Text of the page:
- Come to the school conference with questions for the teacher already prepared: Create a list of questions you’d like to ask your child’s teacher. For example, is my child having trouble focusing during the day or do they often interrupt class? Is my child completing classwork? If so, how long does it take him or her? Is my child following instructions? Asking these questions will help to better understand if your child’s ADHD treatment might need to be reassessed.
- Be prepared to take notes: Your child isn’t the only one who needs paper and a pencil! Bring a notepad to take down key points you and your child’s teacher discuss. You may find some of the examples your teacher shares to be especially relevant at the next appointment with your child’s pediatrician or psychiatrist.
- Use the information you gathered to talk about ADHD treatment options with your doctor: Once you’ve discussed your child’s progress and challenges with their teacher, don’t wait to set up a doctor’s appointment. Your doctor might be able to help you assess or reassess your child’s ADHD medications and you might learn about treatment options you didn’t know about yet.
For example, I’ve been working with Neos Therapeutics to tell people about Adzenys XR-ODT™, an extended-release orally disintegrating tablet that dissolves in the mouth and is swallowed. Adzenys XR-ODT is approved for patients with ADHD ages six and above. All ADHD stimulants are federally controlled substances that can be abused or lead to dependence, so parents should keep Adzenys XR-ODT in a safe place to prevent misuse and abuse and remember that it should not be sold or given away. Parents should work closely with their doctors to understand potential risks and visit AdzenysXRODT.com for more information.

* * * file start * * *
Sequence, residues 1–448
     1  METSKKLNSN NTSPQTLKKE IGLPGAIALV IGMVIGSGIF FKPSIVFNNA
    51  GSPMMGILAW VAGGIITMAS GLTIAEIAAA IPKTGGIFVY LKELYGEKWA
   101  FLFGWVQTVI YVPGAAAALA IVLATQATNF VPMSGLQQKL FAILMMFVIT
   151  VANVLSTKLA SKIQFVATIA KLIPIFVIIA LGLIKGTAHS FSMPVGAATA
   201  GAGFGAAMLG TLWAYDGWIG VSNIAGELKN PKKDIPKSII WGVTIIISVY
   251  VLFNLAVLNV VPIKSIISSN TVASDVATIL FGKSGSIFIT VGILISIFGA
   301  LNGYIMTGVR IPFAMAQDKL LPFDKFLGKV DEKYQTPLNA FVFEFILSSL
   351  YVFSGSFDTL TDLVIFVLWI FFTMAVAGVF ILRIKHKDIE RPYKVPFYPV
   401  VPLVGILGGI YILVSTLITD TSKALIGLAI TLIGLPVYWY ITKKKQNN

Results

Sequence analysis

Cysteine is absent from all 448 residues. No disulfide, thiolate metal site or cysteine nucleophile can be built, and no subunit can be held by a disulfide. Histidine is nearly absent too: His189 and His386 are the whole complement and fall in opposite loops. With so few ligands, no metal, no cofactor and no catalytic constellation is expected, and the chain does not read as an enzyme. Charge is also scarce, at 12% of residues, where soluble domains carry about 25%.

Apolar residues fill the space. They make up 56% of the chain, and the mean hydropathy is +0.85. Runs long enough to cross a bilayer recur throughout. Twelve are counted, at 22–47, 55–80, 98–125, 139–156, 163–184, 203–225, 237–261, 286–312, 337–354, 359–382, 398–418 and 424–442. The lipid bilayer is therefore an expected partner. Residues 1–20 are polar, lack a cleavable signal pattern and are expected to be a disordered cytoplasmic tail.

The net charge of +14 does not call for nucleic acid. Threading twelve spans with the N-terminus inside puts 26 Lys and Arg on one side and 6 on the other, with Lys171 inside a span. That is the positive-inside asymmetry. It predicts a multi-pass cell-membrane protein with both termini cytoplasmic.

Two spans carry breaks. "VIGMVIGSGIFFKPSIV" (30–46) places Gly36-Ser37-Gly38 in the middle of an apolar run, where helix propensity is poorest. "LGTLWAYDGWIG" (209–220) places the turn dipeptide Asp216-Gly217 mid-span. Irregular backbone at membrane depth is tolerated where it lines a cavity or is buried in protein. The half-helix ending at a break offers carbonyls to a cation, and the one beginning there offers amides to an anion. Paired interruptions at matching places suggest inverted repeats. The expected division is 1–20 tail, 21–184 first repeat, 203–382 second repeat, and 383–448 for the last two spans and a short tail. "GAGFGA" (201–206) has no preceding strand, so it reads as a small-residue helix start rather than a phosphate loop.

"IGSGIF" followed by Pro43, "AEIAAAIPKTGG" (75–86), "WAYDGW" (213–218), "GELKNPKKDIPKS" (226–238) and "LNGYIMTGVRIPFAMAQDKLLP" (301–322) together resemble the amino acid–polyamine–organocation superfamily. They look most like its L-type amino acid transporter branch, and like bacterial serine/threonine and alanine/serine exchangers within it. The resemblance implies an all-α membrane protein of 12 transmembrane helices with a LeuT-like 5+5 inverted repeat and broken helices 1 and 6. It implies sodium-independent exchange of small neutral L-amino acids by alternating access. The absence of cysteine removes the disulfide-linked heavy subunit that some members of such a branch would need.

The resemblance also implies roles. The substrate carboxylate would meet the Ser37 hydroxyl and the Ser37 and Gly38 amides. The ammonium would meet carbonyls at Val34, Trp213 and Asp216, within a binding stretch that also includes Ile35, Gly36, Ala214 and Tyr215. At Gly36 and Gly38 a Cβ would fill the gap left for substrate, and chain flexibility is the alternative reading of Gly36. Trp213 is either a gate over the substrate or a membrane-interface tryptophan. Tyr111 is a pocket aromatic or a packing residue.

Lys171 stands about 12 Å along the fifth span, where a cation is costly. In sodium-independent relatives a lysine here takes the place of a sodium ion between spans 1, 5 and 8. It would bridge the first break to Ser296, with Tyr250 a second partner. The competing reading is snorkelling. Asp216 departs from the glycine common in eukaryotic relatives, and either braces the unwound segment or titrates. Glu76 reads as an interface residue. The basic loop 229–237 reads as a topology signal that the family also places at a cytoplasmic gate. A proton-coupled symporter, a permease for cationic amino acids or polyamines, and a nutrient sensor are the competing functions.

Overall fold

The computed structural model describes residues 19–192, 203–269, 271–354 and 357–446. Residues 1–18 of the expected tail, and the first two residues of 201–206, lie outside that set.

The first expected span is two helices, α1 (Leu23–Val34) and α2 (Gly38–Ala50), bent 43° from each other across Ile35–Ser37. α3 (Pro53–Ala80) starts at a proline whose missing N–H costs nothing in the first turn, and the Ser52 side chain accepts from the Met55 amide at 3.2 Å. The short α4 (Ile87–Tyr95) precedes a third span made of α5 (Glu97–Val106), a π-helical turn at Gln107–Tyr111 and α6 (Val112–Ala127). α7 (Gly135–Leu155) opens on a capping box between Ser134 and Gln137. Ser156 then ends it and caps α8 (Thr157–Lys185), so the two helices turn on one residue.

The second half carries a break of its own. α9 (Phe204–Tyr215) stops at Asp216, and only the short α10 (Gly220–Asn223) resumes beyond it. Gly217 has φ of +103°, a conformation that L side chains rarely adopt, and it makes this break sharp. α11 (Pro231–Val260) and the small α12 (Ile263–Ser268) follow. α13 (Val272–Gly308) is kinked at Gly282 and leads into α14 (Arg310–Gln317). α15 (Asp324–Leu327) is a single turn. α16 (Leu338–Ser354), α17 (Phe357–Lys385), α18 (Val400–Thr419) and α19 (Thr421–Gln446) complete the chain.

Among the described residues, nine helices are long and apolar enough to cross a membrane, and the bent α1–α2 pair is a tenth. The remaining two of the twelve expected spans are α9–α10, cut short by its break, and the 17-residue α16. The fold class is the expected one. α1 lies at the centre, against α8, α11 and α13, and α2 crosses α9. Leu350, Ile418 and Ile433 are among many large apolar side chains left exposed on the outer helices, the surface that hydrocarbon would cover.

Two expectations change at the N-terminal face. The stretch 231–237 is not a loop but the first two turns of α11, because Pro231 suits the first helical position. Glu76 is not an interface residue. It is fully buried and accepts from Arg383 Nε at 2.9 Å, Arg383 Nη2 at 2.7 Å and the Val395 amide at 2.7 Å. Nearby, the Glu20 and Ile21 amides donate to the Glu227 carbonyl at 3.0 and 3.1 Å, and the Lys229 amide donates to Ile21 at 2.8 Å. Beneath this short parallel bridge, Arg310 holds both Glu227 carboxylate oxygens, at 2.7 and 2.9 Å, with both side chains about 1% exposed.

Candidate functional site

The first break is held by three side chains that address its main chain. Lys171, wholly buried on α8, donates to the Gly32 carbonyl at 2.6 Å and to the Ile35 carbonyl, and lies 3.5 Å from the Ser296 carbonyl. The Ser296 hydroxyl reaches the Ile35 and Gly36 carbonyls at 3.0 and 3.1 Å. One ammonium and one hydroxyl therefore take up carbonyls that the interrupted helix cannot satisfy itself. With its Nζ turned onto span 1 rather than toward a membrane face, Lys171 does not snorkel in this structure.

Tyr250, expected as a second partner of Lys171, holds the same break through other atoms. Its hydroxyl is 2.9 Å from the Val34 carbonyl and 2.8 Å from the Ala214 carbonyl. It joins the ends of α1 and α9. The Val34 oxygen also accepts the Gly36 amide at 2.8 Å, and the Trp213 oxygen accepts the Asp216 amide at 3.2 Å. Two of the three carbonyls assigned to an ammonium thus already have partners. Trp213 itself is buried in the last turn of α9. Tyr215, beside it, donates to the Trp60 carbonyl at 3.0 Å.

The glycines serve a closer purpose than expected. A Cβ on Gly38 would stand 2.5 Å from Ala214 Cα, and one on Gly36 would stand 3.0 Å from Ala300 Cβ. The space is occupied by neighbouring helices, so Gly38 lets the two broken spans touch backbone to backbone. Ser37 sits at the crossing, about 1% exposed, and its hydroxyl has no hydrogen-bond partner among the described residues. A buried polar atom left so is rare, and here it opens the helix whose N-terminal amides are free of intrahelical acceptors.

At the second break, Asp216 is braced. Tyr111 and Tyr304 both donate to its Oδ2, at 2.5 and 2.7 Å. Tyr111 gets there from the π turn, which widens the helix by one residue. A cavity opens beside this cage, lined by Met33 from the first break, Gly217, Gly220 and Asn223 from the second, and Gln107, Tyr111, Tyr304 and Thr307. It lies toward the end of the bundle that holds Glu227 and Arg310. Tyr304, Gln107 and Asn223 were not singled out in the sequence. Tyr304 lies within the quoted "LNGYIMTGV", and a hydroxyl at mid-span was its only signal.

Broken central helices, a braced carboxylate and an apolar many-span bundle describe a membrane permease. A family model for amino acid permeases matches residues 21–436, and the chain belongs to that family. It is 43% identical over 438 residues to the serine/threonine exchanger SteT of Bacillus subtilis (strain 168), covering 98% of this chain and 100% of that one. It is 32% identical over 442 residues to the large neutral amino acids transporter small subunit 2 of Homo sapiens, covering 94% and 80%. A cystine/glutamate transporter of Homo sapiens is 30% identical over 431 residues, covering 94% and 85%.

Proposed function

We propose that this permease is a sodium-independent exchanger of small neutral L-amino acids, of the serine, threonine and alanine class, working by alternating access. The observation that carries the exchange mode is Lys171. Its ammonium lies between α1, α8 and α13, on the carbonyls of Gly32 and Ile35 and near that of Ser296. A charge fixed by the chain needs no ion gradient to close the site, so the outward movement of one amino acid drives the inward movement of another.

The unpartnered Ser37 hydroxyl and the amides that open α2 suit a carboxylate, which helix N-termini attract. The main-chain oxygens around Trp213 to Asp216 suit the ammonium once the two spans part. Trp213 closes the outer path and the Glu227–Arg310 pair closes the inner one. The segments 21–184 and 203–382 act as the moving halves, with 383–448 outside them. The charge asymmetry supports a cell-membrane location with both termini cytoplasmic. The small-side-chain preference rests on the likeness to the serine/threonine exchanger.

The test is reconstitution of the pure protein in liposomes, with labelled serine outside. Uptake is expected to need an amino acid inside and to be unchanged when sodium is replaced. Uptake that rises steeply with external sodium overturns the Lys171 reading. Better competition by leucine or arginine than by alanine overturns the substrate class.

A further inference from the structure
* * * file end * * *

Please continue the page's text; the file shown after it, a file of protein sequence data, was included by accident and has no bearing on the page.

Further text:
More information about ADHD is also available on the Centers for Disease Control and Children and Adults with Attention-Deficit/Hyperactivity Disorder’s (CHADD) websites.
Important Safety Information
Adzenys XR-ODT is a federally controlled substance (CII) because it can be abused or lead to dependence. Keep Adzenys XR-ODT in a safe place to prevent misuse and abuse. Selling or giving away Adzenys XR-ODT may harm others and is against the law.